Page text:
She said, It hath reached me, O auspicious King, that Sindbad the Seaman continued:--So when I escaped drowning and reached the island which afforded me fruit to eat and water to drink, I returned thanks to the Most High and glorified Him; after which I sat till nightfall, hearing no voice and seeing none inhabitant. Then I lay down, well-nigh dead for travail and trouble and terror, and slept without surcease till morning, when I arose and walked about under the trees, till I came to the channel of a draw-well fed by a spring of running water, by which well sat an old man of venerable aspect, girt about with a waist-cloth made of the fibre of palm-fronds. Quoth I to myself, "Haply this Shaykh is one of those who were wrecked in the ship and hath made his way to this island." So I drew near to him and saluted him, and he returned my salam by signs, but spoke not; and I said to him, "O nuncle mine, what causeth thee to sit here?" He shook his head and moaned and signed to me with his hands as who should say, "Take me on thy shoulders and carry me to the other side of the well-channel." And quoth I in my mind, "I will deal kindly with him and do what he desireth; it may be I shall win me a reward in Heaven for he may be a paralytic." So I took him on my back and carrying him to the place whereat he pointed, said to him, "Dismount at thy leisure." But he would not get off my back and wound his legs about my neck. I looked at them and seeing that they were like a buffalo's hide for blackness and roughness, was affrighted and would have cast him off; but he clung to me and gripped my neck with his legs, till I was well-nigh choked, the world grew black in my sight and I fell senseless to the ground like one dead. But he still kept his seat and raising his legs drummed with his heels and beat harder than palm-rods my back and shoulders, till he forced me to rise for excess of pain. Then he signed to me with his hand to carry him hither and thither among the trees which bore the best fruits; and if ever I refused to do his bidding or loitered or took my leisure he beat me with his feet more grievously than if I had been beaten with whips. He ceased not to signal with his hand wherever he was minded to go; so I carried him about the island, like a captive slave, and he bepissed and conskited my shoulders and back, dismounting not night nor day; and whenas he wished to sleep he wound his legs about my neck and leaned back and slept awhile, then arose and beat me; whereupon I sprang up in haste, unable to gainsay him because of the pain he inflicted on me. And indeed I blamed myself and sore repented me of having taken compassion on him and continued in this condition, suffering fatigue not to be described, till I said to myself, "I wrought him a weal and he requited me with my ill; by Allah, never more will I do any man a service so long as I live!" And again and again I besought the Most High that I might die, for stress of weariness and misery; and thus I abode a long while till, one day, I came with him to a place wherein was abundance of gourds, many of them dry. So I took a great dry gourd and, cutting open the head, scooped out the inside and cleaned it; after which I gathered grapes from a vine which grew hard by and squeezed them into the gourd, till it was full of the juice. Then I stopped up the mouth and set it in the sun, where I left it for some days, until it became strong wine; and every day I used to drink of it, to comfort and sustain me under my fatigues with that froward and obstinate fiend; and as often as I drank myself drunk, I forgot my troubles and took new heart. One day he saw me drinking and signed to me with his hand, as who should say, "What is that?" Quoth I, "It is an excellent cordial, which cheereth the heart and reviveth the spirits." Then, being heated with wine, I ran and danced with him among the trees, clapping my hands and singing and making merry; and I staggered under him by design. When he saw this, he signed to me to give him the gourd that he might drink, and I feared him and gave it him. So he took it and, draining it to the dregs, cast it on the ground, whereupon he grew frolicsome and began to clap hands and jig to and fro on my shoulders and he made water upon me so copiously that all my dress was drenched. But presently the fumes of the wine rising to his head, he became helplessly drunk and his side- muscles and limbs relaxed and he swayed to and fro on my back. When I saw that he had lost his senses for drunkenness, I put my hand to his legs and, loosing them from my neck, stooped down well-nigh to the ground and threw him at full length,--And Shahrazad perceived the dawn of day and ceased to say her permitted say.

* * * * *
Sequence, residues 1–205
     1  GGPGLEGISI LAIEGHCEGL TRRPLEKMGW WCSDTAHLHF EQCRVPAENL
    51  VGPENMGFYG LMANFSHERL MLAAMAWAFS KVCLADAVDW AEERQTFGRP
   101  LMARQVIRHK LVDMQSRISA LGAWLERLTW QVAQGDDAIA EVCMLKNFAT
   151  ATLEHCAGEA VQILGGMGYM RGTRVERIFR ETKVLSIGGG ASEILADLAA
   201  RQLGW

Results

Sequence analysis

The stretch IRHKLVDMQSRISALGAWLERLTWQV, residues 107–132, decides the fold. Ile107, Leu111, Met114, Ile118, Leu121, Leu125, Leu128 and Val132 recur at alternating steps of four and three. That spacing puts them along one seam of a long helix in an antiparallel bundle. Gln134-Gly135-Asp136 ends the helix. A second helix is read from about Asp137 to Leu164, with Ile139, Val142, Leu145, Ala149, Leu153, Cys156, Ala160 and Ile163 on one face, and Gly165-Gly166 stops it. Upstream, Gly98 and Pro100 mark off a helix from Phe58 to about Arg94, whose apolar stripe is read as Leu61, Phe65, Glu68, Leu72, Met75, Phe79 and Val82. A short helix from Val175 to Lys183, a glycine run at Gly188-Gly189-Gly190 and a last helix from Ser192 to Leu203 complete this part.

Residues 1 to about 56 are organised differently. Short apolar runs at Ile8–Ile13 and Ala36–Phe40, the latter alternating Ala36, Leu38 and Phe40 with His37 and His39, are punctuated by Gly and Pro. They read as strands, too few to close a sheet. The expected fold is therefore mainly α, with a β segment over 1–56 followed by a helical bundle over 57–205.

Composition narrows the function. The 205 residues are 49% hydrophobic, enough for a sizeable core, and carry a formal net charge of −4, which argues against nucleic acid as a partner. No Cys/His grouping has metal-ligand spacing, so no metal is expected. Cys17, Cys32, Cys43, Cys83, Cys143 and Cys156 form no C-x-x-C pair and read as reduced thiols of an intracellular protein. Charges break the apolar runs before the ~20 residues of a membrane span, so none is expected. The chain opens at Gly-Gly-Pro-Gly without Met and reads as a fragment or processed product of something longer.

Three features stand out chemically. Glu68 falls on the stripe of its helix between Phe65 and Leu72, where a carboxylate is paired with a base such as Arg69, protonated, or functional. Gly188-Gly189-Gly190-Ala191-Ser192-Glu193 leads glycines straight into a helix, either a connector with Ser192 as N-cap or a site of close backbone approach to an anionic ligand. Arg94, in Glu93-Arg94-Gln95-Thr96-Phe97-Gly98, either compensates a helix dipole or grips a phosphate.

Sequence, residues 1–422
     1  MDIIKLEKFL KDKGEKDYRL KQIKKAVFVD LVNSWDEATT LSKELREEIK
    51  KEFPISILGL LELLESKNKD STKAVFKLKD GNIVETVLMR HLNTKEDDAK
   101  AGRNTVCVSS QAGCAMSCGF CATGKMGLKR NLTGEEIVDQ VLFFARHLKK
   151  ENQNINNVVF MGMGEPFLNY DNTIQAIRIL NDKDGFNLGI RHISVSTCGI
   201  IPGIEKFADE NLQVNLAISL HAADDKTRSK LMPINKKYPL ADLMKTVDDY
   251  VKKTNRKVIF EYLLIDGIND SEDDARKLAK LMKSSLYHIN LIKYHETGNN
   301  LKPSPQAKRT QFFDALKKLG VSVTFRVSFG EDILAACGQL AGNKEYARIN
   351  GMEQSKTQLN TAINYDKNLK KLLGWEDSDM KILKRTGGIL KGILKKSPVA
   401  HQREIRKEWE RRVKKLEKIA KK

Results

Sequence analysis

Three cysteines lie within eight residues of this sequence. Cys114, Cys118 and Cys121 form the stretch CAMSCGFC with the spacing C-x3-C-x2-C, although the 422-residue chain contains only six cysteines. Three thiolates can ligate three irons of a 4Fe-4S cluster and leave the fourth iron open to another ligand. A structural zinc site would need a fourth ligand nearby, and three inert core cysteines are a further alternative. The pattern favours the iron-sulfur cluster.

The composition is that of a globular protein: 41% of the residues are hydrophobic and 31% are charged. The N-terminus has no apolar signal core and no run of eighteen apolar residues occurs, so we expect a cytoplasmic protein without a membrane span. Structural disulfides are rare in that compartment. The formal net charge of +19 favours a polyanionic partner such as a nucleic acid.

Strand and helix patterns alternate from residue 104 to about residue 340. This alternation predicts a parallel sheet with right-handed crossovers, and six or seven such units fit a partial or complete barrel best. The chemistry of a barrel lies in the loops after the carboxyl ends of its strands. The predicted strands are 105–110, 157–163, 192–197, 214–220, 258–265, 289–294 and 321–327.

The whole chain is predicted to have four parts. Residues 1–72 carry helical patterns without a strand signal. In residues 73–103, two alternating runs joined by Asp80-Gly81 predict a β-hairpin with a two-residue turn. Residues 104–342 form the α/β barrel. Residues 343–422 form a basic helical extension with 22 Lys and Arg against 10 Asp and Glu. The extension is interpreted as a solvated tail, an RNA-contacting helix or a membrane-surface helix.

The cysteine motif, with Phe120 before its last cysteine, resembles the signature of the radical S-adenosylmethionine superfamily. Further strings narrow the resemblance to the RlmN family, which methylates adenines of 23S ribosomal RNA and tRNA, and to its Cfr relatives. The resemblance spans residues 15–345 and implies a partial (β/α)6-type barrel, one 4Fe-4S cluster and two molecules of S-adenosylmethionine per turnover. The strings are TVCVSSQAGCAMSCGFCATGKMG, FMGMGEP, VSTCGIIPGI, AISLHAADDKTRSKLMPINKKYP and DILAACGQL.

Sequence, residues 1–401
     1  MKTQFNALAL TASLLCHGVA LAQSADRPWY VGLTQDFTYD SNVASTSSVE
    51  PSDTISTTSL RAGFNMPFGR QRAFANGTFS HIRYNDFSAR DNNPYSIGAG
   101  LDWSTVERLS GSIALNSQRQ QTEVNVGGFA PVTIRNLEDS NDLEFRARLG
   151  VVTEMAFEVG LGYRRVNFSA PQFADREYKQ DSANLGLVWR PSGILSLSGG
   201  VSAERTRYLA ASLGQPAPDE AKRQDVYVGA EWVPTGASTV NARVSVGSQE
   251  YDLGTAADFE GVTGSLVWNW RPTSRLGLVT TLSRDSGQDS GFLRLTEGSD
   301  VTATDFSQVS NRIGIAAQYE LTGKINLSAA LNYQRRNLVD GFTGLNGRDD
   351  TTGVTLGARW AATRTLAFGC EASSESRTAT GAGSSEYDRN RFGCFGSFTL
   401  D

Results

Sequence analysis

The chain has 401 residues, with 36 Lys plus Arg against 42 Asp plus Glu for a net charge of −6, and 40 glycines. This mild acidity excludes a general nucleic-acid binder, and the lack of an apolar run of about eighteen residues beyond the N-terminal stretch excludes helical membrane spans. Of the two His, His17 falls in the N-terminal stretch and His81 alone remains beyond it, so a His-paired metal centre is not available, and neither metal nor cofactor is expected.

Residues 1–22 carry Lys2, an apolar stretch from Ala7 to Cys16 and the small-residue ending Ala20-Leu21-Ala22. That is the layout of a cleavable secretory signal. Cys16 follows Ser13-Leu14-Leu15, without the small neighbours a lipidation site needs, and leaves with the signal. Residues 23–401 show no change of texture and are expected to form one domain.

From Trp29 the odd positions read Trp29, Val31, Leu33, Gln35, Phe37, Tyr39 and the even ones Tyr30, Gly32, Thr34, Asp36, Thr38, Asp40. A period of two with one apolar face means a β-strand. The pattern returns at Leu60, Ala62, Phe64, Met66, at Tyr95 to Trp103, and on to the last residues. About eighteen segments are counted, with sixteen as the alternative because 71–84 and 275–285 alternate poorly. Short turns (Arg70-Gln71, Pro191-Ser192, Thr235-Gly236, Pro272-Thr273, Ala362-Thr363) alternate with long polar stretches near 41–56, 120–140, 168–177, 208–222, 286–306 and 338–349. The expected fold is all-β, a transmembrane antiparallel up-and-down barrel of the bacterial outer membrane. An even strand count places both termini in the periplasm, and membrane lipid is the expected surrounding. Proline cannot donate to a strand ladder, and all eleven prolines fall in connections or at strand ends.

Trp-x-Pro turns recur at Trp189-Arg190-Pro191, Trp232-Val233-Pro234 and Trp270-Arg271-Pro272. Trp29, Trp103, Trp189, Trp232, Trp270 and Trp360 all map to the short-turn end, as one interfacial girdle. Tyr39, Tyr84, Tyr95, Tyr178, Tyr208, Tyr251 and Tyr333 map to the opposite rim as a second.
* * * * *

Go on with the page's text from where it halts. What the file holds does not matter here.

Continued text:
When it was the Five Hundred and Fifty-eighth Night,